Washington — The imminent dispatch of 150 American soldiers to help President Eduard Shevardnadze hold his embattled Georgian nation together is a military mouse. But it threatens to become a political elephant casting shadows on U.S.-Russian cooperation in the war on global terrorism.
Russian President Vladimir Putin, who hosts President Bush in mid-May, has reluctantly swallowed the U.S. presence in the Caucasus. But the Russian military has in recent days publicly voiced suspicion of the deployment and made clear its determination to keep Georgia in Russia's sphere of military influence whatever Putin says and whatever Bush does.
Since gaining independence through the collapse of the Soviet Union a collapse that Shevardnadze helped bring about Georgia has been shaken by plots, subversion and secession. It is about to become an important chapter in the still-unfolding story of expanding global demand for U.S. troops who once were pariahs in the developing world.
The security of much of the world suddenly balances on the shoulders of the American soldier. His (and her) presence is being solicited as a guarantor of peace in the Middle East, in Southeast Asia and most immediately along the fault lines created by the fall of the Soviet empire in Central Asia and the Caucasus. It is the time of Super GI.
Pilots, infantrymen, trainers and others have become Bush's coin of the realm abroad as he pursues his war on terrorism. He does not shrink from the U.S. military becoming "the world's policeman" three decades after Vietnam made that term anathema to liberals and conservatives alike. The professionalism of today's forces, the shock of Sept. 11 and U.S. triumphs in Kuwait, the Balkans and Afghanistan have helped erase misgivings about deployment abroad.
But Americans should not become too satisfied over the welcome mat that is being rolled out so freely. The pitfalls of using military force abroad for political ends yours and others have not changed much since Napoleon warned that you can do anything with bayonets except sit on them.
Political advantage gained by military force erodes quickly unless it is backed up with long-term commitments like those made in the occupations of Germany and Japan after World War II. The GI abroad is a blunt instrument and an easy target for frustration when things go wrong, as they usually do in the kind of places U.S. troops are being sent.
The administration must be careful in choosing the wheres and whens of troop deployment. Americans must be realistic in their expectations of what those deployments can accomplish and the often-delayed costs they bring.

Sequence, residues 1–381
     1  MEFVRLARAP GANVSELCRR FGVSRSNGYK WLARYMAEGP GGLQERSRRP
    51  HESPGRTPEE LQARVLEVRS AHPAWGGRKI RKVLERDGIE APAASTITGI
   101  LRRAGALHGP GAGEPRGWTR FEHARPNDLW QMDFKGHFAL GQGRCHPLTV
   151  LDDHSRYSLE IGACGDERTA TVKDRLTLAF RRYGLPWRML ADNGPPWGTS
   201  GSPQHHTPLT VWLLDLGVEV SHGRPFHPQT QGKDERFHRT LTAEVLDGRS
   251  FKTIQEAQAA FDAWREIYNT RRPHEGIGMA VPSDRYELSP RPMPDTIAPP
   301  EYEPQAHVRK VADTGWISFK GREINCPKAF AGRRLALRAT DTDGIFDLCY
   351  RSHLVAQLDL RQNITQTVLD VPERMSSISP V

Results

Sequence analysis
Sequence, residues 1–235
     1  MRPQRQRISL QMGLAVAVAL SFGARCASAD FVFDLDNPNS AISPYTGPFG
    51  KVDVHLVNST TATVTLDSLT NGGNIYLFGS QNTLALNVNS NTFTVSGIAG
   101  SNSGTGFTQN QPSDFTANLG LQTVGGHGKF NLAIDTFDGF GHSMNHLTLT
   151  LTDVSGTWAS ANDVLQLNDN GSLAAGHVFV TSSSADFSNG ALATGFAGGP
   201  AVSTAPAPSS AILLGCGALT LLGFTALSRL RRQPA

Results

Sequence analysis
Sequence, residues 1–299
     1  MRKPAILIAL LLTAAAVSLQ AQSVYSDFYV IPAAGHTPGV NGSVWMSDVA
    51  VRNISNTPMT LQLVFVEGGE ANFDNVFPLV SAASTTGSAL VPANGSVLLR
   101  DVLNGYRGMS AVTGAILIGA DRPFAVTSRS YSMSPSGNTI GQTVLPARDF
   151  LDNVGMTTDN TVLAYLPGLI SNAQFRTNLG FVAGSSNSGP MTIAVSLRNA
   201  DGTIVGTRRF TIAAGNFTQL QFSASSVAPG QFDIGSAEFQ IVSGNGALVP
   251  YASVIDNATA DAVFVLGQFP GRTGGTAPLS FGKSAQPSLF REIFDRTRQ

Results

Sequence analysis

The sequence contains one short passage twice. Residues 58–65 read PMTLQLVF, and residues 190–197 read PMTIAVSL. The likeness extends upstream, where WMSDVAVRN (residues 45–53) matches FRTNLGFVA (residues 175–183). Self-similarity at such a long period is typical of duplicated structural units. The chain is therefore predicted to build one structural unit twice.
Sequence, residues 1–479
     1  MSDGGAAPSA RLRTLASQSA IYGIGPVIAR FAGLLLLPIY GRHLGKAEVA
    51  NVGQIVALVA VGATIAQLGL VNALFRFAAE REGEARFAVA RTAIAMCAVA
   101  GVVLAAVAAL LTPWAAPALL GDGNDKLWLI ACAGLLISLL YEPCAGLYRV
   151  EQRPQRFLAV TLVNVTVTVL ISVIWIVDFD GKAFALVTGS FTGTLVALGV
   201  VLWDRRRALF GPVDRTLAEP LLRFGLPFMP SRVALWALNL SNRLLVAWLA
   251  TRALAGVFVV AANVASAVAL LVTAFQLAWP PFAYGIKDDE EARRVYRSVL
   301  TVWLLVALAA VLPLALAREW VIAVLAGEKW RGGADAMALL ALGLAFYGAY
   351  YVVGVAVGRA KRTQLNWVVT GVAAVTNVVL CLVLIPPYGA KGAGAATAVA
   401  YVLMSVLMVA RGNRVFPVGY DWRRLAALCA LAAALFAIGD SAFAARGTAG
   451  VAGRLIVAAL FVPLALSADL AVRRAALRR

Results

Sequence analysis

The Bush administration started with too modest a view of the positive change that U.S. deployment in the Balkans has accomplished. But Sept. 11 and Afghanistan will incline policy-makers to overshoot the runway in the other direction. Proposals for a U.S.-led international force to separate Israelis and Palestinians border on dangerous hubris.
One idea making the rounds at the United Nations calls for a peacekeeping force composed of U.S., Russian and European Union troops. Secretary-General Kofi Annan may advance it when he meets with American, Russian and EU representatives in Washington on May 2. The Bush administration remains properly wary.
Putin may have security architecture ideas of his own to present at his summit with Bush. "We should look at a new military alliance that would include the United States, Russia, Turkey maybe, India maybe, for Central Asia," Mikhail Margelov, the chairman of the Russian Duma's foreign affairs committee and a Putin ally, told me recently in Washington. "You Americans are doing in Afghanistan what we failed to do."
But the Russian military does not seem to have reconciled itself to that rosy expansive view. A provocative two-day Russian troop deployment into the Kodori Gorge in Georgia's breakaway Abkhazia region two weeks ago embarrassed Shevardnadze, and was followed by a declaration from Russian Deputy Defense Minister Alexander Kosovan in Moscow that an American military presence in Georgia "should worry any Russian soldier."
The 150 U.S. soldiers due to leave for Tbilisi in early May are intended to train and equip Georgian units that will clear guerrillas out of the border region with Chechnya. The United States sees that goal as a plus for both Russia and Georgia.
But Putin has gone way out on a limb with his military and public in welcoming U.S. troops inside former Soviet borders. The deployment to Georgia gives unrepentant Cold Warriors in Moscow a heavy club to swing at Putin as the summit with Bush approaches. Super GI needs to walk carefully as well as softly in the dusty precincts where the honor of his (and her) presence is now so eagerly requested.
Jim Hoagland is a columnist for Washington Post Writers Group..